The Nitro Glory Stomper is a park board that is made to handle everything on the mountain.
Features of the Nitro Glory Stomper 2016
- Twin Shape
The twin shape means that riding it switch will have the same feel as riding it in the regular direction.
- Flat Out Rocker
The Flat Out Rocker profile means that the board is mostly flat (zero camber) but has a small amount of rocker just before the contact points.
- Mid Wide Width
While it isn’t a fully wide board, the waist width is a little bit wider than a standard board, so it can handle riders with slightly bigger boots that don’t want (or need) to change to a fully wide board.
- All-Terrain Flex
A medium flex rating that is stiff enough that it can handle rough landings and high speeds, but can still be pressed.
- Dual Degressive Sidecut
- Power Pods
The Power Pods are the name for the slightly extended width under your bindings, which help to reduce toe and heel drag, as well as helping give the board good edge hold.
- Powercore II
- Whiplast Core Profile
- Bi-Lite Laminates
- Diamond Band
- Ballistic Impact Panels
- Railkiller Edge
The edges are twice as thick as normal edges, so that they are stronger and can take bigger impacts on rails.
- Sintered Speed Formula HD Base
Fast and hard base material, that is good at soaking up wax and keeping the board moving quickly.
How the Nitro Glory Stomper rides
Board: Salomon Salomonder 158cm
Bindings: Flux DS
Boots: ThirtyTwo Tm Two
Stance: 21.5″ centered, +12° and -9°
Snow: 10-20cm of light powder / packed groomers.
Flex & Camber Profile
The All Terrain Flex seems like a good middle of the range flex. It isn’t hard to hold a press, but it isn’t so soft that you feel unstable at high speeds.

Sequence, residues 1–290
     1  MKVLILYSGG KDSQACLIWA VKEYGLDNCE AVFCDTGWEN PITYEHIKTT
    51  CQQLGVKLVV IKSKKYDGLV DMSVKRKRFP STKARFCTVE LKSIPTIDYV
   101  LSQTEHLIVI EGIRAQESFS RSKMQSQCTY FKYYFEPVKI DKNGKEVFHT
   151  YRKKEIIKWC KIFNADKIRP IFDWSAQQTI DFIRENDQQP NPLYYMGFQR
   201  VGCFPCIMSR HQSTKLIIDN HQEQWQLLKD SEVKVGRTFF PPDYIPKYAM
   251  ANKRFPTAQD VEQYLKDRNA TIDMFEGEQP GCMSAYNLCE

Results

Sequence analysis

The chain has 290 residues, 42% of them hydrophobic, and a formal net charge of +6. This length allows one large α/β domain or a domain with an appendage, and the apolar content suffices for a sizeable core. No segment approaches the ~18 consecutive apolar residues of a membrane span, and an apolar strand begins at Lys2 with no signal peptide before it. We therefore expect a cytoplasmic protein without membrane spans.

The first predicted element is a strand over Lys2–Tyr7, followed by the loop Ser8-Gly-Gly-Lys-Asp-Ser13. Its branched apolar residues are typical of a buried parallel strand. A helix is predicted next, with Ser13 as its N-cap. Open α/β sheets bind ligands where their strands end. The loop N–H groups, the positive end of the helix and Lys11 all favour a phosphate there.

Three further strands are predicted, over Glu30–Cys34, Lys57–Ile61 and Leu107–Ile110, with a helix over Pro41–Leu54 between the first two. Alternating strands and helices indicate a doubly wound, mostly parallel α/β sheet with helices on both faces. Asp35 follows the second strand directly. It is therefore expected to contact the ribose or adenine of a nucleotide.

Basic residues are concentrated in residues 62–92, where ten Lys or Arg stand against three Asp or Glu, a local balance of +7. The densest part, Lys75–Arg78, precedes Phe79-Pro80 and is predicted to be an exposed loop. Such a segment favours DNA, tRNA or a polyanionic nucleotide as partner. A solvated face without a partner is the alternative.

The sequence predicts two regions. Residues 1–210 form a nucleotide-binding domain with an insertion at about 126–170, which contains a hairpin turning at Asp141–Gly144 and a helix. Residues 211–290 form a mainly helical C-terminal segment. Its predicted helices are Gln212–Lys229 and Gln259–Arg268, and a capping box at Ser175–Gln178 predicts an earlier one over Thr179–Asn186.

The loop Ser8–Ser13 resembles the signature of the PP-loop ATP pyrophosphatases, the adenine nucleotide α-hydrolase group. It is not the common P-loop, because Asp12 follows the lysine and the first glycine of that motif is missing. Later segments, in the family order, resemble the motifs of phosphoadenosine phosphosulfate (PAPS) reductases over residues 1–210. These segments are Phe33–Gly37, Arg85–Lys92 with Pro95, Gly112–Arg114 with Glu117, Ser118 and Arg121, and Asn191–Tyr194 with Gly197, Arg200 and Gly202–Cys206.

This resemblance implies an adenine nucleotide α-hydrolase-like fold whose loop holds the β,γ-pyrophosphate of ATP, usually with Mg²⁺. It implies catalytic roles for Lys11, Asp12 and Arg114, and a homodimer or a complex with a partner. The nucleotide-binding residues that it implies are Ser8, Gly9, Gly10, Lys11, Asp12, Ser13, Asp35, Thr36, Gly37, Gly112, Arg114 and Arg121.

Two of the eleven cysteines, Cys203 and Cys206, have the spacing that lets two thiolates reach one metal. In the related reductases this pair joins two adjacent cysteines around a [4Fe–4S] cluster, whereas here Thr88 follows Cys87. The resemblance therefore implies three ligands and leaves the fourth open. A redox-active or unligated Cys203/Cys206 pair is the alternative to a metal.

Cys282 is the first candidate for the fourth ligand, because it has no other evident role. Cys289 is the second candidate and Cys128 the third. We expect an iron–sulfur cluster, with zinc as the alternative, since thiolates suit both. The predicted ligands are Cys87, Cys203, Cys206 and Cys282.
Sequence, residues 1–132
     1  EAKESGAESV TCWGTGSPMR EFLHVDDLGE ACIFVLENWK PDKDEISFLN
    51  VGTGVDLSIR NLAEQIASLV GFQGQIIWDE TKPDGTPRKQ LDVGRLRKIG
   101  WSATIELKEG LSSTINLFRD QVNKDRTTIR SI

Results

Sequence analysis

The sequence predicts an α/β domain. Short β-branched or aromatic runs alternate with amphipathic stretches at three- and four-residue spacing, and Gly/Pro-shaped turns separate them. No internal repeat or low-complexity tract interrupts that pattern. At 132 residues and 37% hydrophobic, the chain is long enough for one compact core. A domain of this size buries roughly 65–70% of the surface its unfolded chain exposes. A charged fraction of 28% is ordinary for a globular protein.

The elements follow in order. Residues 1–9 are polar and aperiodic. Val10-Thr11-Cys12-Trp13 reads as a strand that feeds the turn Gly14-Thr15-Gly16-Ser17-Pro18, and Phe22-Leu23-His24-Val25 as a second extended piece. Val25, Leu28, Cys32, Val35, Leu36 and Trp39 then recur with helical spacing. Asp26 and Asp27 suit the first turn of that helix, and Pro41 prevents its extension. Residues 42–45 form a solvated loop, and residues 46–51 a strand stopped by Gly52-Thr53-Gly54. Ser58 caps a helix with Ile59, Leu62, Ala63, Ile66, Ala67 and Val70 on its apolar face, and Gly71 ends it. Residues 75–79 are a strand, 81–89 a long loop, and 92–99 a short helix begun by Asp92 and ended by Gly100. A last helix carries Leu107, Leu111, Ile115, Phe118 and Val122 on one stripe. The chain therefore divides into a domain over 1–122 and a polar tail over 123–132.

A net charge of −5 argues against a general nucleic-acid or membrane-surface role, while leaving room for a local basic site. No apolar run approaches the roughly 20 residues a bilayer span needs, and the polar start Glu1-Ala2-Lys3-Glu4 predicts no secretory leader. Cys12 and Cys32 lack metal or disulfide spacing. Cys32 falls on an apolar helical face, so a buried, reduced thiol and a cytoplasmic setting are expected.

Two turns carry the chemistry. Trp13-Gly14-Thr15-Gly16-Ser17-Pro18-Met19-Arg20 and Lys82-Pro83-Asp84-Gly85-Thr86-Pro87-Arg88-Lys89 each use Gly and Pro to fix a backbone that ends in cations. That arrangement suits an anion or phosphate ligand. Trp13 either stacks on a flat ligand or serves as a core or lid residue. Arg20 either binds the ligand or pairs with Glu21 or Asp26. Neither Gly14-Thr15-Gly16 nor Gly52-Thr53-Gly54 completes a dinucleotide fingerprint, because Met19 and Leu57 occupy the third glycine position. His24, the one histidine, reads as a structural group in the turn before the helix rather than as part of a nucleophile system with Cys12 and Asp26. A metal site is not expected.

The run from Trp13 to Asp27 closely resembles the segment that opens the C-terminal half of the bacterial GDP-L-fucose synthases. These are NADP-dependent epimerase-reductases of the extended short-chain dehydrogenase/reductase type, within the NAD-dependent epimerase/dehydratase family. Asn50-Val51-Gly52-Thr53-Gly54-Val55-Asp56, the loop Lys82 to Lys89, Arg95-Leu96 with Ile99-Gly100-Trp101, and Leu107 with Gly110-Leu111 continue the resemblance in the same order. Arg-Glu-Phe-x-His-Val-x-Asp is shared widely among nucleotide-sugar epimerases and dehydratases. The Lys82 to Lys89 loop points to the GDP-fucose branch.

Putting a little weight on the tail made smashing through mogully powder easy.
It’s a true twin board, and I rode it with a centered stance, so switch felt just the same as riding regular.
I would have to say that the edge hold of this board is very good. For someone like me with a 10.5 sized boot, I am on the edge of being able to ride a wide board. It has a mid wide width anyway, as well as the Power Pods under your feet.
Edge to edge the board is very smooth, and the extra width under your feet means that you can get very low carves without your toes or heels dragging.
Entry and exits to turns are very smooth, and even on harder patches of snow I never felt like the board was going to wash out.
It had very good edge hold, without that magne-traction feeling.
It has a sintered base, and I had no problem keeping my speed up. At high speeds on groomed runs, the board rode really well. It felt stable the whole way through the turn, but particularly grippy (in a good way) through the middle of a turn.
Even going fast through chopped up runs it never felt unstable.
The medium flex and mostly flat camber profile gave the Glory Stomper some pretty good flex. Loading up the tail will give you good pop, more than I was expecting.
Overall I was very happy with the Glory Stomper. To me it seemed quite similar to the Nitro T1, but the width fit my boots a little better, and I was able to get my turns down lower.
I would recommend it for someone who wants a park/freestyle board, that actually still rides just as well over the whole mountain.
A very good balance in flex and feel.
Nitro Glory Stomper 2015